The promise: Billed as a potential blockbuster replacement to painful injections, former Pfizer CEO Henry McKinnell called Exubera "a major medical breakthrough," predicting that the drug would annual sales of $1.5 billion in 2010. Pfizer was so confident in its blockbuster potential, that days before approval, the company paid $1.4 billion to Sanofi-Aventis for its share of the drug. After less than two years, the inhaled insulin product captured just 1 percent of the insulin market--despite heavy advertising.
What went wrong: Part of the drug's failing was its extremely large drug delivery device, which was the size of a can of tennis balls and inconvenient for patients to carry. Pfizer had counted on patients' aversion to needles to boost Exubera sales, but diabetes needles have become so tiny that most users have no problem with self-injection. There were also concerns about possible dosing errors due to the difference between doses of the inhalable formula versus traditional insulin. Finally, insurers and NICE were underwhelmed by Exubera's cost effectiveness, noting that it was no more effective than existing treatments despite the higher price.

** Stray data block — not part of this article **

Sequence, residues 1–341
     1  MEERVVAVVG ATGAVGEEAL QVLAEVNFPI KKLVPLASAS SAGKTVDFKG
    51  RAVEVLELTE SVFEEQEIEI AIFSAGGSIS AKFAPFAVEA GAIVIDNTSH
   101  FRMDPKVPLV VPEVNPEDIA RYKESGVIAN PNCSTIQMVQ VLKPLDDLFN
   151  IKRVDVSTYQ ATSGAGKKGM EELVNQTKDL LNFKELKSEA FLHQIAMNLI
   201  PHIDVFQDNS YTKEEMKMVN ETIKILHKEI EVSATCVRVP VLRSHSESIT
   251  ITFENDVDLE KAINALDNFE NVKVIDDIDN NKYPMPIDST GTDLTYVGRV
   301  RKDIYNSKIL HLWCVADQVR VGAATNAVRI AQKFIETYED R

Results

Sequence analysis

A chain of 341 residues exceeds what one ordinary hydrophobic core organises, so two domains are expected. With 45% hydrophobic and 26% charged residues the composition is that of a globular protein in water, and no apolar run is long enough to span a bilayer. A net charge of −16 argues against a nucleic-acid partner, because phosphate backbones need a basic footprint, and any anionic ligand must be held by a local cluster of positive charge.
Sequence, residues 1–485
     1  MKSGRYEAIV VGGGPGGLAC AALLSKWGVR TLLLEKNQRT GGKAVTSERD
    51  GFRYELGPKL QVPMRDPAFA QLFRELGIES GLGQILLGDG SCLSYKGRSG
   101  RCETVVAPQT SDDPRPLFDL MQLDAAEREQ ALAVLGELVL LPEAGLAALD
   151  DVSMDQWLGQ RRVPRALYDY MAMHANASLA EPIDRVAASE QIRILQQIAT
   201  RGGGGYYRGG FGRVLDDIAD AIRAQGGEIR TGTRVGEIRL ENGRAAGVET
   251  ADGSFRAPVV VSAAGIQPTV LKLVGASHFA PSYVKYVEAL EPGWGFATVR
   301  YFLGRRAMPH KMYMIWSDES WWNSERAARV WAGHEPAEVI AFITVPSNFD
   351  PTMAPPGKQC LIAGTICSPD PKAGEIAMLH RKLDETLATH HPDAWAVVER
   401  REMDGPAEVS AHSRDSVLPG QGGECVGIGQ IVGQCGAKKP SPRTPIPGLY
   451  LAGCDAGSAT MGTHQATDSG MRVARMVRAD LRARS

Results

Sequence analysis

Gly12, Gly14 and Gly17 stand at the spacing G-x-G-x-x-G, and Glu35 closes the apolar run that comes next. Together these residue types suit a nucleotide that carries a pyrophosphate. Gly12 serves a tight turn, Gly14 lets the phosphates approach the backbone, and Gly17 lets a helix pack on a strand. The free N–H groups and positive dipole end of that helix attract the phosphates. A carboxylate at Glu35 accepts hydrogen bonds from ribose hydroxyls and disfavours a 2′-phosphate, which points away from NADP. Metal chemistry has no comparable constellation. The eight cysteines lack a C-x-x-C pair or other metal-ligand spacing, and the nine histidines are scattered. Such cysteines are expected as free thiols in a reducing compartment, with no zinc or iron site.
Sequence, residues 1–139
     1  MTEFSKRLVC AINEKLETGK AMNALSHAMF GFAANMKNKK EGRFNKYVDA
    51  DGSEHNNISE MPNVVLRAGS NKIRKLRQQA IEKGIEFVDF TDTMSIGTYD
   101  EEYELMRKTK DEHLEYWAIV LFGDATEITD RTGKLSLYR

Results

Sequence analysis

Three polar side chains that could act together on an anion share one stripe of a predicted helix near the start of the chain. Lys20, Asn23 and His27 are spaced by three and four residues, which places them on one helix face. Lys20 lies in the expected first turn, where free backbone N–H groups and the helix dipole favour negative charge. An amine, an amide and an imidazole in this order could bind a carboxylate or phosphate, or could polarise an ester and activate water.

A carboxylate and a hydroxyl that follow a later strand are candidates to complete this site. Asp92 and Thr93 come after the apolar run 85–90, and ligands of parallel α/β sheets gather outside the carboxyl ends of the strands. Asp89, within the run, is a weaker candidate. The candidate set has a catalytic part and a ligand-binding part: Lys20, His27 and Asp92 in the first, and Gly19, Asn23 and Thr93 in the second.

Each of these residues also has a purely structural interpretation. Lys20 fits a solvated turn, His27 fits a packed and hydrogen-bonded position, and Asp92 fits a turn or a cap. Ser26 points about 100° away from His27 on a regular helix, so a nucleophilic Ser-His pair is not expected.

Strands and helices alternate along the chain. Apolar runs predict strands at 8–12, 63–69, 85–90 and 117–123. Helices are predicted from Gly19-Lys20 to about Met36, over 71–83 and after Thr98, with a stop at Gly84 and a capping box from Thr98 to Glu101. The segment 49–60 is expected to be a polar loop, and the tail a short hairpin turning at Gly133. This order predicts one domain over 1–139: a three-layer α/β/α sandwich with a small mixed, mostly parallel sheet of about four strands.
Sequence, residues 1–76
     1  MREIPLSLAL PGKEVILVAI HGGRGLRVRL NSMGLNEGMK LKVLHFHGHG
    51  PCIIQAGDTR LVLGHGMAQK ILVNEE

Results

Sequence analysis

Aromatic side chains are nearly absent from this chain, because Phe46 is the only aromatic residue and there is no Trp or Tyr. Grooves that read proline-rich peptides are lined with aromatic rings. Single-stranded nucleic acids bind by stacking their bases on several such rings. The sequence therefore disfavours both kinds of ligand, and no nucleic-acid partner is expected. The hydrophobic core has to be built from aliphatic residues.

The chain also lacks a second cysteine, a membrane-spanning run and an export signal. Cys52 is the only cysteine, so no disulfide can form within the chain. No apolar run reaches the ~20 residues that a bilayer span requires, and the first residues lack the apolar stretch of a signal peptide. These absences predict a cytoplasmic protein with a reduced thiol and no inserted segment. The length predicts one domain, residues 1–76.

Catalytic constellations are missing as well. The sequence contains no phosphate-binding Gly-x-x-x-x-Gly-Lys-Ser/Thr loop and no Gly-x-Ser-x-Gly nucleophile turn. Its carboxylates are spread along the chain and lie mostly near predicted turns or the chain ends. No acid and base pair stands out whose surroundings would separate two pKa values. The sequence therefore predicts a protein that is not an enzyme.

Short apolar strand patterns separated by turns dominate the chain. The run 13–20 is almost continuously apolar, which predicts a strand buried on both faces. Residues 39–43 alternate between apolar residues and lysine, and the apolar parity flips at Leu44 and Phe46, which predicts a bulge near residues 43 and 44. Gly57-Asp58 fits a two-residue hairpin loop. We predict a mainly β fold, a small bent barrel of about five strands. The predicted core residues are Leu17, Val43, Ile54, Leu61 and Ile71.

After spending hundreds of millions to develop the drug, Pfizer announced in October 2007 that it would stop manufacturing the drug. "Despite our best efforts, Exubera has failed to gain the acceptance of patients and physicians," said Pfizer CEO Jeffrey Kindler. The company was forced to take a $2.8 billion charge when it wrote off the drug, including $661 million of Exubera inventory. When Pfizer made its decision, three other inhalable insulin drugs were under development; only Mannkind is still in the race, persuing development of Afrezza.